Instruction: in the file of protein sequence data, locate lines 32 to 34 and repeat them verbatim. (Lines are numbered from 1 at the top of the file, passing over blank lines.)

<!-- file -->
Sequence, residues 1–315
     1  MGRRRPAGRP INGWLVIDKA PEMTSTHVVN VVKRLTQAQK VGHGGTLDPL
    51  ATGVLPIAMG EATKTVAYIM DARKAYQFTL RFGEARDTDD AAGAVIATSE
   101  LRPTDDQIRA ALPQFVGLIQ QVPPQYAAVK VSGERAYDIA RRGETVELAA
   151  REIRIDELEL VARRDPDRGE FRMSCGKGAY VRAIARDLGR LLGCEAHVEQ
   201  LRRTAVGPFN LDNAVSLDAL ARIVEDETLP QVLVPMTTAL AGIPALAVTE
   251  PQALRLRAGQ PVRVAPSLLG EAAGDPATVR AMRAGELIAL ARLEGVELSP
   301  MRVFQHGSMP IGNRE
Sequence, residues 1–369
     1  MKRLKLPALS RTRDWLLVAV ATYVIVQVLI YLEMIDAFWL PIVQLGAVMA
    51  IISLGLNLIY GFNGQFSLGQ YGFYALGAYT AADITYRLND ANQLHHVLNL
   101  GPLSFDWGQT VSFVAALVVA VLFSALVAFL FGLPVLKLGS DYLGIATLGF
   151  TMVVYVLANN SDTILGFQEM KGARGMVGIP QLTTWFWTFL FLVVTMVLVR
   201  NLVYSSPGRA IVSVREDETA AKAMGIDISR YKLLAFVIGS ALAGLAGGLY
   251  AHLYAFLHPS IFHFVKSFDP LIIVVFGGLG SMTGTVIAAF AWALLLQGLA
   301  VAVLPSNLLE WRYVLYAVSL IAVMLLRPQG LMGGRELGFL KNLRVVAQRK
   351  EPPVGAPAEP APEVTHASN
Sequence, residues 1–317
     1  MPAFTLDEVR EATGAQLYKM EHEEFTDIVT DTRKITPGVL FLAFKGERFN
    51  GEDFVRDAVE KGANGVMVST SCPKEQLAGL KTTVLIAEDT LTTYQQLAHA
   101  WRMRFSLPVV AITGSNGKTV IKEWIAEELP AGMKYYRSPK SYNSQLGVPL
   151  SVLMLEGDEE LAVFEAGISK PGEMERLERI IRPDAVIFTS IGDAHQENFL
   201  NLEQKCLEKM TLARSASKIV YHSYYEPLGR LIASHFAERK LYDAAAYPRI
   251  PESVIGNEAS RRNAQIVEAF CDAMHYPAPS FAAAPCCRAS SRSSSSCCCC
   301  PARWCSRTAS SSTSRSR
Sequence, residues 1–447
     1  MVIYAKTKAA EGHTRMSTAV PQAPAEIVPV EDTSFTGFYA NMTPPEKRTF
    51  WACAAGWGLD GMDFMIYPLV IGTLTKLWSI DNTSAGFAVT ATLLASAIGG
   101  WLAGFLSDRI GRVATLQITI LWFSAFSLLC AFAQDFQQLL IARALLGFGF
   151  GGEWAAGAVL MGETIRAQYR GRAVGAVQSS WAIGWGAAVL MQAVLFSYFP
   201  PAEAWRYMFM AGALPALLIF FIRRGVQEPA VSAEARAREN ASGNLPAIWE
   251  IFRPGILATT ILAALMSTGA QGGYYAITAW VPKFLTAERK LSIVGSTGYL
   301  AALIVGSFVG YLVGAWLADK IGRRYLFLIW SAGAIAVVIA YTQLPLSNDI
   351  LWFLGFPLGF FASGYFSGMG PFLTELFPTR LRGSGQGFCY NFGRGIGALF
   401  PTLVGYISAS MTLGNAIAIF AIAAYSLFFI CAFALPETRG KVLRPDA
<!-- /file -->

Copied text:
   251  IFRPGILATT ILAALMSTGA QGGYYAITAW VPKFLTAERK LSIVGSTGYL
   301  AALIVGSFVG YLVGAWLADK IGRRYLFLIW SAGAIAVVIA YTQLPLSNDI
   351  LWFLGFPLGF FASGYFSGMG PFLTELFPTR LRGSGQGFCY NFGRGIGALF